git init

I would highly recommend to remove packages and build files from the repository. I added these statements to my .gitignore file:

# angular 2
client/node_modules
client/dist

Create the Heroku App

Create the Heroku application with the following command:

heroku create

Add Node and Ruby buildpacks

If we were creating a normal Rails application, Heroku would auto-detect Ruby and use the heroku/ruby buildpack. However, we need Heroku to install our Node packages build our front-end application using the Node buildpack.

We can tell Heroku about the buildpacks we want to use with the following command:

heroku buildpacks:add https://github.com/jasonswett/heroku-buildpack-nodejs
heroku buildpacks:add heroku/ruby

The order matters. If we put the ruby buildpack first and the Node buildpack second, Heroku would give us a single Node dyno that would not know how to run ruby. We put the ruby pack second to tell Heroku to give us two dynos, a web and worker dyno, that both know how to run ruby.

We use this particular Node buildpack instead of Heroku’s default buildpack because we need to tell Heroku that the package.json resides in the client directory. This is why it was important to make sure that the folder the Angular 2 app resides in was called client.

Modify the package.json

Modify your package.json to look like this:

{
  "name": "client",
  "version": "0.0.0",
  "license": "MIT",
  "angular-cli": {},
  "scripts": {
    "ng": "ng",
    "start": "ng serve",
    "lint": "tslint \"src/**/*.ts\"",
    "test": "ng test",
    "pree2e": "webdriver-manager update",
    "preinstall": "npm install -g node-gyp",
    "heroku-postbuild": "ng build -prod",
    "e2e": "protractor"
  },
  "private": true,
  "dependencies": {
    "@angular/common": "^2.3.1",
    "@angular/compiler": "^2.3.1",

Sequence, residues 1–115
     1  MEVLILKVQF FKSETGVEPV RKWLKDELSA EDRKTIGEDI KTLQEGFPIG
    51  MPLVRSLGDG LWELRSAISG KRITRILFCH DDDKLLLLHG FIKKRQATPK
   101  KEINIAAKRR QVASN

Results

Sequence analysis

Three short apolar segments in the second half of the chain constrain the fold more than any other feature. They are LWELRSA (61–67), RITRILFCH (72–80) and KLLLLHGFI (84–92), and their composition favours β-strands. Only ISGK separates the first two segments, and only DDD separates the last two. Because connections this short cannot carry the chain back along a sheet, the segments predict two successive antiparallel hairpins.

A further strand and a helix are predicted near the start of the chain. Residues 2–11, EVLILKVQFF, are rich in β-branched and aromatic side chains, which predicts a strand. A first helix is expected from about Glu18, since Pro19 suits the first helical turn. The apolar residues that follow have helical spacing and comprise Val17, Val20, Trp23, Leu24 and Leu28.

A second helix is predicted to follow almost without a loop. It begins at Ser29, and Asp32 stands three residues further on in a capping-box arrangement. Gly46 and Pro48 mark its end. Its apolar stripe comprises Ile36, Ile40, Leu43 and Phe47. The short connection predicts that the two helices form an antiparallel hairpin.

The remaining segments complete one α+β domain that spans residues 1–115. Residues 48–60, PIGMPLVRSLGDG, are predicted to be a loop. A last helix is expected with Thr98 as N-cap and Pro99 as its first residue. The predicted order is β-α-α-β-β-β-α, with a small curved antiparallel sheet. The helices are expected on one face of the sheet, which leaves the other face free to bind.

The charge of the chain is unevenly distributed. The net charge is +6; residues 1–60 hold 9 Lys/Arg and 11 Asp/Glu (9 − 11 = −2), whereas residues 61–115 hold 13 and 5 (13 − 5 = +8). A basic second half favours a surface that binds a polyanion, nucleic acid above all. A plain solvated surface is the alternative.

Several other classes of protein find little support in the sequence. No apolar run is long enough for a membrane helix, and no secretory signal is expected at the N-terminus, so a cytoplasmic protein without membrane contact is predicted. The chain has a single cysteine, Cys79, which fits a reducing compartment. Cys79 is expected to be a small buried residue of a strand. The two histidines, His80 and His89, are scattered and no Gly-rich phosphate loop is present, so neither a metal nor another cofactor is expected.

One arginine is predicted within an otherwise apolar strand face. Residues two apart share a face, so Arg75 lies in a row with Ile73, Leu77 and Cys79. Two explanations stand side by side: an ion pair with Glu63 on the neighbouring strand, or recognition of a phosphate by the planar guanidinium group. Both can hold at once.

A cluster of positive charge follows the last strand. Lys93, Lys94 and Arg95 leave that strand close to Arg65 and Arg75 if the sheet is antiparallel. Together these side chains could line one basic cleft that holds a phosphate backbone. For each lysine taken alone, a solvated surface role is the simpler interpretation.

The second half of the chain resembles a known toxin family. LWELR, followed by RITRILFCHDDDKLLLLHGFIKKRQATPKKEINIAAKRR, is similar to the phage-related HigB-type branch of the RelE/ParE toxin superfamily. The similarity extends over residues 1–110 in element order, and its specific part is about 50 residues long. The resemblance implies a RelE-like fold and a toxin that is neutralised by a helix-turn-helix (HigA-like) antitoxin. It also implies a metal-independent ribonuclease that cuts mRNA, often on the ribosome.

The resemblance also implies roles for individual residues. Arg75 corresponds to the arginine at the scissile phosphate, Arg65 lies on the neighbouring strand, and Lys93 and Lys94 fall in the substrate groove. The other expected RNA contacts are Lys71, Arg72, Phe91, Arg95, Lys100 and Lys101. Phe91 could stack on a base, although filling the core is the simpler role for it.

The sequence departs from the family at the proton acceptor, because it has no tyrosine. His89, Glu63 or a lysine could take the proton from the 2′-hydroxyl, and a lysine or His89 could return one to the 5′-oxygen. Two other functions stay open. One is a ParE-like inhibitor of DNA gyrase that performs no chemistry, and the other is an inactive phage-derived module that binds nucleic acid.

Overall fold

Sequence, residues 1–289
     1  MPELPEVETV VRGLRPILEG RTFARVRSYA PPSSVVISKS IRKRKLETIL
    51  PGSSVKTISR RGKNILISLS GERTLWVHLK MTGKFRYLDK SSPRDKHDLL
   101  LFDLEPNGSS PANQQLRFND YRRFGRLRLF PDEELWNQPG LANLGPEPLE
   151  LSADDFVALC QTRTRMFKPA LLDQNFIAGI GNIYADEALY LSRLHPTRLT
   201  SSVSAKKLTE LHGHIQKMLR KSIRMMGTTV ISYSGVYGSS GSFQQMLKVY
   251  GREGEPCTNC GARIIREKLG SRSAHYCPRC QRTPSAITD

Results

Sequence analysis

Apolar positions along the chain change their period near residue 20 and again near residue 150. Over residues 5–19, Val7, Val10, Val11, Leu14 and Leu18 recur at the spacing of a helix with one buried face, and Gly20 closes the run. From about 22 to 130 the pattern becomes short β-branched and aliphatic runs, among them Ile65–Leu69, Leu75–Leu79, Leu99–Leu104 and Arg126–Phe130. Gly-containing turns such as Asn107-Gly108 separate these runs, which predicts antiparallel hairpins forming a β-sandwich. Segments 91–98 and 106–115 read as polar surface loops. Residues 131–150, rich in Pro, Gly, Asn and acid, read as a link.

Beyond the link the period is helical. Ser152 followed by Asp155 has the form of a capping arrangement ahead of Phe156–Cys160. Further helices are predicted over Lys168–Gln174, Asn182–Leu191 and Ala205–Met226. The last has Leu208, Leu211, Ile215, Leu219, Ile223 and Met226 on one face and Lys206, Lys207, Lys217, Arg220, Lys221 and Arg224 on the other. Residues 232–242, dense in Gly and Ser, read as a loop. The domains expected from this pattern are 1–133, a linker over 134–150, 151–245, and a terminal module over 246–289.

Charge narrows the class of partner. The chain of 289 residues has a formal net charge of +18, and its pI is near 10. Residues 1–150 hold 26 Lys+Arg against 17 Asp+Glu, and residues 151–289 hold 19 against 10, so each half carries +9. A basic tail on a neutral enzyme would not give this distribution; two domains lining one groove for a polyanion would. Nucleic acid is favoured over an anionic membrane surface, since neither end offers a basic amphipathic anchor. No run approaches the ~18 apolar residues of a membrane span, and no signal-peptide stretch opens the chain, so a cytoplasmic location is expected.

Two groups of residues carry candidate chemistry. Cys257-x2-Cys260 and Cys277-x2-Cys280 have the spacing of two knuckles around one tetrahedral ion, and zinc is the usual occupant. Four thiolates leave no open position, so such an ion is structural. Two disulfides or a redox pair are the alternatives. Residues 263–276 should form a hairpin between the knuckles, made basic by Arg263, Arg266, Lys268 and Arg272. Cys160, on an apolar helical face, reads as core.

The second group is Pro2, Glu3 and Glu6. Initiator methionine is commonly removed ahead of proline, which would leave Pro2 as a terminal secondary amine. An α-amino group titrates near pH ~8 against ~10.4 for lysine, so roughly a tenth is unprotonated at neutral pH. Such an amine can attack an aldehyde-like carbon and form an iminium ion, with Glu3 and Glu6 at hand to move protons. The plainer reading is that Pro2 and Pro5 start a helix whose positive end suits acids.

"@angular/core": "^2.3.1",
    "@angular/forms": "^2.3.1",
    "@angular/http": "^2.3.1",
    "@angular/platform-browser": "^2.3.1",
    "@angular/platform-browser-dynamic": "^2.3.1",
    "@angular/router": "^3.3.1",
    "core-js": "^2.4.1",
    "rxjs": "^5.0.1",
    "ts-helpers": "^1.1.1",
    "zone.js": "^0.7.2",
    "@angular/compiler-cli": "^2.3.1",
    "@types/jasmine": "2.5.38",
    "@types/node": "^6.0.42",
    "angular-cli": "1.0.0-beta.24",
    "codelyzer": "~2.0.0-beta.1",
    "jasmine-core": "2.5.2",
    "jasmine-spec-reporter": "2.5.0",
    "karma": "1.2.0",
    "karma-chrome-launcher": "^2.0.0",
    "karma-cli": "^1.0.1",
    "karma-jasmine": "^1.0.2",
    "karma-remap-istanbul": "^0.2.1",
    "protractor": "~4.0.13",
    "ts-node": "1.2.1",
    "tslint": "^4.0.2",
    "typescript": "~2.0.3"
  },
  "engines": {
    "node": "6.9.3",
    "npm": "3.10.10"
  }
}

We do several things here. First, we move all of our devDependencies into dependencies because Heroku will not include those packages in a production environment. Second, we add the preinstall and heroku-postbuild hooks to tell Heroku about our build process. Before we install our packages, we want to install node-gyp to help compile our packages. After we build our packages, we want to run ng build -prod to compile our Angular 2 application to the client/dist folder and serve them to Rails.

Deploy to Heroku

After all of our changes, we should be ready to deploy to Heroku using this command:

git add .
git commit -m 'heroku push'
git push heroku master

If the deployment goes well, open the app using this command:

heroku open

You should now see your Angular 2 application running on a Rails server on Heroku!

8 thoughts on “Angular 2 and Ruby on Rails on Heroku

  1. Hi! thanks for your post. I have an issue – if i reload page on some site page (not index page), i have nothing to display. How i can customize heroku webserver for produce any request by index.html?

    Liked by 1 person

      1. He said, if you reload some pages, wich has params[:id] in URL, the rails router didn’t found any templates in views. I’ve resolved this problem just added a controller with empty actions. But I have got a new problem. When I trying to open URLs with params, for example, ‘www.example.com/post/1’ Heroku server is not responding. Maybe you had a similar problem and know, how to resolve it?

        Like

  2. Nice guide. On some of those commands when switching between the Rails and Angular app, it’d be helpful to tell people where to run the commands.

    Also, if you’re removing `public` and replacing it with a symlink to the Angular app’s distribution folder, use:

    ln -s client/dist public

    Like

  3. I’m getting an error when pushing the code to Heroku to build. I’ve spent all day on this,any advice would be greatly appreciated!

    This is what’s being returned by Heroku before it crashes

    remote: —–> Preparing app for Rails asset pipeline
    remote: !
    remote: ! File exists @ dir_s_mkdir – public
    remote: !

    Like

  4. Hi! Very nice guide. You write: I chose not to use it because I am planning on making more views rather than just an SPA. Can you show an example how you do that, for example with Angular 2 or 4?

    Like